Several mammalian cell lines did not exhibit the sequence-specific gene silencing by dsRNA. Two cell lines, BsrT7/5 and mouse embryonic fibroblasts (STO), showed non-sequence-specific inhibition by dsRNA, while CHO-K1 did not exhibit any inhibition by dsRNA on either the cognate or noncognate gene, EGFP or lacZ. When transient cotransfection of plasmid DNA and dsRNA was carried out in several mammalian cells, 293 and NIH 3T3 cells showed no effect at all, while BHK cells showed a nonspecific decrease in gene expression (5). RNAi has been reported in CHO cells, although the amount of dsRNA required for interference was 2,500 times more than in Drosophila S2 cells (32). Because we tested RNAi under identical conditions in S2 and CHO cells, the amount of dsRNA needed to produce RNAi in the S2 cells used in our experiment may not be sufficient to produce RNAi in CHO cells. Recently, a longer dsRNA was shown to induce some sequence-specific silencing in addition to the nonspecific inhibition in mammalian cells (9). It is possible that the reporter system in this study is not sensitive enough to distinguish specific RNAi from the nonspecific inhibition. In all experiments, we detected no apparent cytotoxicity as measured by cell numbers and morphology.
Sequence-specific RNAi has been demonstrated in the preimplantation mouse embryo and mouse oocytes by direct injection of dsRNA (30, 35). The dsRNA in mammalian cells typically activates a protein kinase that phosphorylates and inactivates eIF2a (16). The ensuing inhibition of protein synthesis ultimately results in apoptosis. This sequence-independent response may reflect a form of primitive immune response, since the presence of dsRNA is a common feature of many viral life cycles. Mouse oocytes, however, clearly lack this response, as the oocytes injected with dsRNAs resume meiosis and mature to metaphase II (30). The preimplantation mouse embryo also lacks the response, as embryos injected with dsRNAs develop to the blastocyst stage (35). Specific RNAi activity present in undifferentiated ES cells suggests that undifferentiated ES cells may also lack an interferon response, similar to mouse embryos and oocytes (30, 35). However, RNAi activity was not permanent, since it was more pronounced at early time points and diminished as undifferentiated ES cells replicated, presumably due to dilution of dsRNA per cell.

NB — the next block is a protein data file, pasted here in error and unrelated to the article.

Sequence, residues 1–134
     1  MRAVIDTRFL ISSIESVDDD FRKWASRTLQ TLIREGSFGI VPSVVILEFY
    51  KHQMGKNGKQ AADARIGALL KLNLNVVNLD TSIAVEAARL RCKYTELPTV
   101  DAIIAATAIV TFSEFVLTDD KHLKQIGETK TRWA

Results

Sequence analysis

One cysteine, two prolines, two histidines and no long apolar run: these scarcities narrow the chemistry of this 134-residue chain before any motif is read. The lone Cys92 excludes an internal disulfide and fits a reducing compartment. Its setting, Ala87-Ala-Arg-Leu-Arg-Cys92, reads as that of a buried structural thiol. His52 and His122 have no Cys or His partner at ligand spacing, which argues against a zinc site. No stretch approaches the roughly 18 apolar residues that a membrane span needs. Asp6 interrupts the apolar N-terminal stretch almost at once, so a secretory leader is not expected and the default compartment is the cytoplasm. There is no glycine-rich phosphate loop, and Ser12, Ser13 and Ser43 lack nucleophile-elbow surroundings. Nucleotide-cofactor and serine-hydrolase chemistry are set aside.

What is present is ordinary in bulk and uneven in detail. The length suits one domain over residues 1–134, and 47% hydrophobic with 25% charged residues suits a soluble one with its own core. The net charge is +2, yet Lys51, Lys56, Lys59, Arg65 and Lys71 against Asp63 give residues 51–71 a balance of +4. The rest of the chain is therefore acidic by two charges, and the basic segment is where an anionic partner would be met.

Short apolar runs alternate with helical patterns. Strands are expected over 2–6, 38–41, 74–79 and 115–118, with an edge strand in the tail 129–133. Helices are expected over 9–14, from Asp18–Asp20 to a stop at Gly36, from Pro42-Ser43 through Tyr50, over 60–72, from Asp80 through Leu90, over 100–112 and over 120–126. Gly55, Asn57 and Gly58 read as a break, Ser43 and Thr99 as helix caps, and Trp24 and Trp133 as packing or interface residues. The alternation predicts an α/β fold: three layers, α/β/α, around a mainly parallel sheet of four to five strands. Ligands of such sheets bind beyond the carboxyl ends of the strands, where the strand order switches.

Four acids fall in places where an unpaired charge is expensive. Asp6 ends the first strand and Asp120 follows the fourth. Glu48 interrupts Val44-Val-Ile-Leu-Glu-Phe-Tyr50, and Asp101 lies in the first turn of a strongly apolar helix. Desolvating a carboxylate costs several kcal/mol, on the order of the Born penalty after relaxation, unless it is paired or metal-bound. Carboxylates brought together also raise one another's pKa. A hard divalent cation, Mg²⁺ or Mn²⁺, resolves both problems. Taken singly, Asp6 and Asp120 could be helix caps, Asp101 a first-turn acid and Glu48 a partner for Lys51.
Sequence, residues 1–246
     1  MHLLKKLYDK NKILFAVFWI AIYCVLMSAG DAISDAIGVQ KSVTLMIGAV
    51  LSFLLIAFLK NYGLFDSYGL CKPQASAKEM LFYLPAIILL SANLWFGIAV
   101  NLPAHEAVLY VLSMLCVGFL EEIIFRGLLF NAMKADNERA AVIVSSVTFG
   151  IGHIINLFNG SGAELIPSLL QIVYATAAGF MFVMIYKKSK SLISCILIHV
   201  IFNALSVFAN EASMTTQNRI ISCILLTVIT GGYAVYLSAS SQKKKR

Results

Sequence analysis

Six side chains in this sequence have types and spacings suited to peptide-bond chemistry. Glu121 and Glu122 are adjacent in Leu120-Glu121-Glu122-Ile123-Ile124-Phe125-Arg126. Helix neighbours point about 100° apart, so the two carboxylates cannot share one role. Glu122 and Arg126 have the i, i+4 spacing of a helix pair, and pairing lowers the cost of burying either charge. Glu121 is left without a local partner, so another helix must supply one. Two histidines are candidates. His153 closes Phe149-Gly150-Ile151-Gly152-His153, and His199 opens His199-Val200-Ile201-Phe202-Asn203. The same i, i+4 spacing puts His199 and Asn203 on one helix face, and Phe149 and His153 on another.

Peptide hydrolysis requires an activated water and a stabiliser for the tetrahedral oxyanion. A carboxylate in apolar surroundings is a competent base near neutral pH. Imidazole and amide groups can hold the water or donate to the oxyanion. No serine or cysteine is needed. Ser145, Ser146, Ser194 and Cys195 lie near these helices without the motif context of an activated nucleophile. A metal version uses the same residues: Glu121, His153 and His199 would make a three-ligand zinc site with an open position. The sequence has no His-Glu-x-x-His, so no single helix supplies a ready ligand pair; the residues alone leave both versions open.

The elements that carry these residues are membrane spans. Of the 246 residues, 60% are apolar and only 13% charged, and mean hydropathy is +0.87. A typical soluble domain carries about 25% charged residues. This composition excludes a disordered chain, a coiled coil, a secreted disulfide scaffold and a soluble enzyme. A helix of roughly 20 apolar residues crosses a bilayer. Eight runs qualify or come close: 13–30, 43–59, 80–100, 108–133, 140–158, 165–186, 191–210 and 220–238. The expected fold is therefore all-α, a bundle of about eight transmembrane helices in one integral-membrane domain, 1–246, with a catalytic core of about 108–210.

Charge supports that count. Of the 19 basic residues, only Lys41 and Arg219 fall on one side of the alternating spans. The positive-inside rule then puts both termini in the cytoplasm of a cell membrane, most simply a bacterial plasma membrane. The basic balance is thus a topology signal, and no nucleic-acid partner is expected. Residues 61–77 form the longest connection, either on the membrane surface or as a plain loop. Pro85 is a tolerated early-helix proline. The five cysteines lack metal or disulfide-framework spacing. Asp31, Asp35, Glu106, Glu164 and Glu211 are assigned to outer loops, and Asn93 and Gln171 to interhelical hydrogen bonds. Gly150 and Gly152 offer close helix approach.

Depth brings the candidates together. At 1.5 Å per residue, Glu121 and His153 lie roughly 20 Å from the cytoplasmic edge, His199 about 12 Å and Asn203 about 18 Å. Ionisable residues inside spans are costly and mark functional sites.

Posttranscriptional gene silencing by dsRNA requires at least two steps, conversion of the dsRNA into an active species and subsequent targeting of the mRNA for inhibition by these sequence-specific active species. Recent biochemical studies (2, 10, 15, 31, 36, 37) have indicated that RNAi is accomplished by a multicomponent nuclease that targets cognate mRNA for degradation. The specificity of this complex was derived from the incorporation of a small guide sequence that is homologous to the mRNA substrate. These small 21- to 22-nucleotide RNAs, originally identified in plants with active RNAi (14), have also been observed in Drosophila embryos (10, 36, 37) and S2 cells (2, 15). We investigated whether such dsRNA degradation activity may reflect the different RNAi activities among different mammalian cells.
Although Drosophila S2 cells showed the most prominent product of 21 to 22 bp, all mammalian cells tested produced distinct RNA products of the same size. Thus, mammalian cells have the ability to generate 21- to 22-nucleotide fragments from long dsRNA regardless of their apparent RNAi activity. While our manuscript was being reviewed, Tuschl's group reported that 21-nucleotide short interfering RNA (siRNA) was capable of gene silencing in several mammalian cells in which longer dsRNA failed to produce RNAi (9). The apparent lack of RNAi by longer dsRNA in mammalian cells was attributed to nonspecific activation of the interferon response by dsRNA longer than 30 bp, masking the specific RNAi. Therefore, our findings that mammalian cells can generate siRNA regardless of their apparent RNAi activity provide an insight in gene silencing of mammalian cells by siRNA. It would be interesting to compare the extent of gene silencing by siRNA and longer dsRNA in cells that do not show nonspecific inhibition.
ES cells and other stem cells are valuable tools for the study of cell and tissue differentiation and for the creation of animal models of disease. These findings offer an opportunity to use dsRNAi for inhibition of gene expression in ES cells to study differentiation. Stem cells also have the potential for therapeutic use, including the development of replacement tissues if regulation of their differentiation can be understood. The results presented here indicate that RNAi can be used to inhibit gene expression in mouse ES cells and thus may be a useful approach for investigations of stem cell biology in general.
We are grateful to Olga Igoucheva for in vitro RNA degradation study and discussion, Romaica Omaruddin and Haiching Ma for assistance with ES cell culture, Gregory Hannon for Drosophila cells and plasmids, and Scott Diamond for M9 peptides. We thank Tom Tuschl and John Klement for discussion and critical reading of the manuscript.
This work was supported in part by grants from the National Institutes of Health (GM61942, AR38923, and AR44350) to K.Y. and EY12910, the Rosanne H. Silbermann Foundation, and Research to Prevent Blindness to E.A.P.